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By A. Lee Boman
Seeley Lake, Mont. 

Conflict or Collaboration over Public Lands?

 


Most Montanans have their favorite outdoor places. It might be a trout stream, a view from a mountaintop or a mountain bike loop. Wherever your favorite places are, chances are they are on Montana’s public lands.

Management of our public lands is a hot topic. Some radicals want to control public lands unlawfully using guns. The American Land Council led by their new CEO, Montana state Sen. Jennifer Fielder, wants to take control of our public lands through legislation. Both efforts ignore the fact that the majority of Montanans treasure public lands and want to keep them in public hands. They also disregard the fact that public lands drive our quality of life and provide a giant boost to our economy.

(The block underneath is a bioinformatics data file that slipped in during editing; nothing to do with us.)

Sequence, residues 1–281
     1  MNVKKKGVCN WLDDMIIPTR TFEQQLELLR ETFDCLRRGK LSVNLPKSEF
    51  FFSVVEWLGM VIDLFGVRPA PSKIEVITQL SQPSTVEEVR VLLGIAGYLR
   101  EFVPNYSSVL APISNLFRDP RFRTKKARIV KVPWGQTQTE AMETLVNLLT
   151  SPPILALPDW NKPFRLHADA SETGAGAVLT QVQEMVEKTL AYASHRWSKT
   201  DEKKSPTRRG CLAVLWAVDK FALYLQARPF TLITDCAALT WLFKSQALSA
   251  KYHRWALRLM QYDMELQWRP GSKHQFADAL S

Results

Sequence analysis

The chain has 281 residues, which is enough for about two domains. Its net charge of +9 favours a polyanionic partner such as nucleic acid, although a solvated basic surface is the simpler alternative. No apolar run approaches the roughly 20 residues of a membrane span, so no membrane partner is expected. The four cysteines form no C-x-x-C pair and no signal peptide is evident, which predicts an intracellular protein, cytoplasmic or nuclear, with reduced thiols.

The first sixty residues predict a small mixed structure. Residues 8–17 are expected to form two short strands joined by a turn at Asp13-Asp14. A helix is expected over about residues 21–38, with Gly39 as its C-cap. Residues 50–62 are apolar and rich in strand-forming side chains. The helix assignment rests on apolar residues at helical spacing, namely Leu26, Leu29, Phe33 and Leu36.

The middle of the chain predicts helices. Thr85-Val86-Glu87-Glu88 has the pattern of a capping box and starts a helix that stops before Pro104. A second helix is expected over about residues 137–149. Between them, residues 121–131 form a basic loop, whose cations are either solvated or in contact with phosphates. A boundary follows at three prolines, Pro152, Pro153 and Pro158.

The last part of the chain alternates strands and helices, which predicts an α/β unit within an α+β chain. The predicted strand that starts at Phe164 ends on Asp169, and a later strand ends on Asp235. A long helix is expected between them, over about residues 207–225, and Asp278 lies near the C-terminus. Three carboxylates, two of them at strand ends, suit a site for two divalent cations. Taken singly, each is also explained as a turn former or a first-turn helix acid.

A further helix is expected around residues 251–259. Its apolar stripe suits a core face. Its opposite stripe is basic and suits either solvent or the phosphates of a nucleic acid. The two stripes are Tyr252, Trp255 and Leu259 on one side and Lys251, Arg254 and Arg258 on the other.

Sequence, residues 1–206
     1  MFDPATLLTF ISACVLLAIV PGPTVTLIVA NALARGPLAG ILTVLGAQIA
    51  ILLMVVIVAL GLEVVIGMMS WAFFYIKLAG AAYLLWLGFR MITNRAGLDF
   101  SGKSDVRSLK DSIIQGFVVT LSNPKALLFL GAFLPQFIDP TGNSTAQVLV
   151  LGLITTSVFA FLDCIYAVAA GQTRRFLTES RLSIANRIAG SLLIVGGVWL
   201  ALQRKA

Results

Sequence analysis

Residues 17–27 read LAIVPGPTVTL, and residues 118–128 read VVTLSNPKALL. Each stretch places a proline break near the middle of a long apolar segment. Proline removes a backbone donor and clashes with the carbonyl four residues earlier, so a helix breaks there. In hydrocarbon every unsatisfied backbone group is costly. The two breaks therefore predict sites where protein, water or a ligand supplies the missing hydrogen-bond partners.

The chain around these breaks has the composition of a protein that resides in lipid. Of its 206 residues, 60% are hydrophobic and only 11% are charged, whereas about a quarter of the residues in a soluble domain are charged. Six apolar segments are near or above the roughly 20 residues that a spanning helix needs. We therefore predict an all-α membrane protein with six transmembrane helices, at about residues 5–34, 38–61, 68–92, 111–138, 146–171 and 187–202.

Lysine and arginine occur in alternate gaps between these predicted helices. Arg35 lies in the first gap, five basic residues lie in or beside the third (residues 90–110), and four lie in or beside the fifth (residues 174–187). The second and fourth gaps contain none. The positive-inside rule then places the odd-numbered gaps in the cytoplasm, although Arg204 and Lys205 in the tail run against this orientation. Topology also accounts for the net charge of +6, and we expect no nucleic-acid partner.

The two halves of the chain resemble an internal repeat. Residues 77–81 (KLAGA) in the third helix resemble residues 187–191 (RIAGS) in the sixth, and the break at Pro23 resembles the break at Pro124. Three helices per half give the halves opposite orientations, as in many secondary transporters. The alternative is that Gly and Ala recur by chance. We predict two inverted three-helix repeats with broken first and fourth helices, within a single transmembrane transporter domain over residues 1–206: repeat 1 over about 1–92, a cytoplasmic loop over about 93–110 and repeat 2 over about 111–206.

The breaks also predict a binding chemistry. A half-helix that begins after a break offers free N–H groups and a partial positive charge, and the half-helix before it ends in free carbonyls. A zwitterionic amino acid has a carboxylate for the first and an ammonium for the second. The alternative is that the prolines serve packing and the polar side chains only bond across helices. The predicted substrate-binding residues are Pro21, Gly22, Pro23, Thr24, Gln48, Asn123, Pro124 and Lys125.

There is an alternative to conflict and controversy regarding public lands. That alternative is the Montana tradition of working together. Two current examples of Montanans working together to best accommodate everyone are the Kootenai Forest Stakeholders Coalition and the Blackfoot Clearwater Stewardship Project. In both cases mountain bikers, timber representatives, outfitters, hikers, snowmobilers, ranchers, government agencies and other interested parties have come together to find the most productive path for all. These two success stories have not generated the press that taking over the Malheur Wildlife Refuge [in Oregon] has but they helped ensure Montana won’t lose the outdoor places and activities we love.

Which is the better way to ensure long-term prosperity for Montana, conflict or collaboration? If you think the working together model is the best way to sustain our Montana lifestyle, vote for candidates that respect Montana priorities and prefer collaboration over conflict.

 

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